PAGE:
Over half of mobile phone owners will be using mobile banking within the next five years, according to a new report from Javelin Strategy & Research.
The study, entitled "Mobile Banking, Smartphone and Tablet Forecast: 2011?2016," focuses on mobile and tablet banking discrepancies between big banks and small community banks or credit unions.
In 2011, 29 percent of mobile phone owners were mobile banking users, but Javelin researchers expect a much more serious and rapid increase as mobile phone usage itself rises. Take a look how it is demonstrated in the graph below:
The major takeaway from the report is that mobile banking has the potential to be a huge make-or-break option for financial institutions in the same way that a recent Cisco report argued how important access to social media is for young professionals.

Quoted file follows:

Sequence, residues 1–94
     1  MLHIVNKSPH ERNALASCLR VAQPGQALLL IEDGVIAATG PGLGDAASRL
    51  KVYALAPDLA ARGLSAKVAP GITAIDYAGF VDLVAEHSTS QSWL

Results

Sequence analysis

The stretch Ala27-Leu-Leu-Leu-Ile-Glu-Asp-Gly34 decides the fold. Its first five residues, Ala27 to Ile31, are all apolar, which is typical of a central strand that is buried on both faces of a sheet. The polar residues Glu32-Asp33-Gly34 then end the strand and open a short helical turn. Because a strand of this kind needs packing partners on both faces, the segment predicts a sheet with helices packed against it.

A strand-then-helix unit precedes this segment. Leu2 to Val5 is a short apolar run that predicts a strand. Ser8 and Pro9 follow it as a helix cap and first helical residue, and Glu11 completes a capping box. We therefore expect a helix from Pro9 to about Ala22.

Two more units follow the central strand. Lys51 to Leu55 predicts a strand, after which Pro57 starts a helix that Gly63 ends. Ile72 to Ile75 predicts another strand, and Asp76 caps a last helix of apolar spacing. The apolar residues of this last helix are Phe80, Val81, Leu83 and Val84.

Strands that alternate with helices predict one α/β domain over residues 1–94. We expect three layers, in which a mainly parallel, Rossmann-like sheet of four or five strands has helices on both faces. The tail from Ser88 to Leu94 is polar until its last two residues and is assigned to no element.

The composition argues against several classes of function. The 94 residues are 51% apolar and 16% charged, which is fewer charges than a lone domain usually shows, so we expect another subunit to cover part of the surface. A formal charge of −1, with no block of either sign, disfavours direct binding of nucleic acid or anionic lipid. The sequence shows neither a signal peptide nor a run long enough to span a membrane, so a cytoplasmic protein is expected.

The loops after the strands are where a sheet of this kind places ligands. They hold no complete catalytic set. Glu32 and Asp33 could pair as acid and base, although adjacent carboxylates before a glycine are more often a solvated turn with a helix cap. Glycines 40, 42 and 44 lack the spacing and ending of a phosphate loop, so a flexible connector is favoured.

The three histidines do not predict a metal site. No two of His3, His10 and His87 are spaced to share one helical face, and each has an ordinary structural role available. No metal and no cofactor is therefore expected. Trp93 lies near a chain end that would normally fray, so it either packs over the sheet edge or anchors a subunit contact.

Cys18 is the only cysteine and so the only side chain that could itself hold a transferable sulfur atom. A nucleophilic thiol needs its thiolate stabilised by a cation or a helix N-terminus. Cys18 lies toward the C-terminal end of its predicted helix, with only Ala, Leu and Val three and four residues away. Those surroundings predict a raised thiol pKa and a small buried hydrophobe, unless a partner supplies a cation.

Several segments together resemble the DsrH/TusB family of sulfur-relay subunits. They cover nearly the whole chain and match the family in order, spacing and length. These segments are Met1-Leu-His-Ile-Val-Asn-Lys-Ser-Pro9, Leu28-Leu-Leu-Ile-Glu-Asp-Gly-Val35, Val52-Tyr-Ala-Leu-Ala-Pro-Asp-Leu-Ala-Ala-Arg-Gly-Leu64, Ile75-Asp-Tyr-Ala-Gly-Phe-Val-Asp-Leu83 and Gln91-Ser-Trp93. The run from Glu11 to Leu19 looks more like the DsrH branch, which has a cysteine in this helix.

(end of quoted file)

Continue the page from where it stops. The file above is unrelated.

That means as 92 percent of the largest 25 banks in the U.S. (by deposit size) offer mobile banking, institutions that lack mobile banking risk losing valuable customers to those that offer it.
According to the survey, over twice as many consumers at the largest banks (over $750 billion in deposits) are using mobile banking than are those at credit unions.
Here's how it breaks down. At the nation’s four largest banks, 37 percent of customers used mobile banking at some point during the last 90 days compared to approximately 22 percent at midsized and regional banks and just 14 percent at credit unions.
Obviously, larger banks more resources and greater demand that smaller institutions do, thus they can more likely offer and support mobile banking solutions.
Nevertheless, given how volatile the economic climate is, this isn't a time for a bank of any size to be caught unprepared when it comes to what customers want.
Although security is definitely an issue and probably a deterrent for some customers afraid of using mobile banking, another recent report from comScore found that more and more Americans are warming up to it. Attributing factors could be the rise of smartphone and tablet sales, not to mention the sheer convenience of it.
Graph via Javelin Strategy & Research
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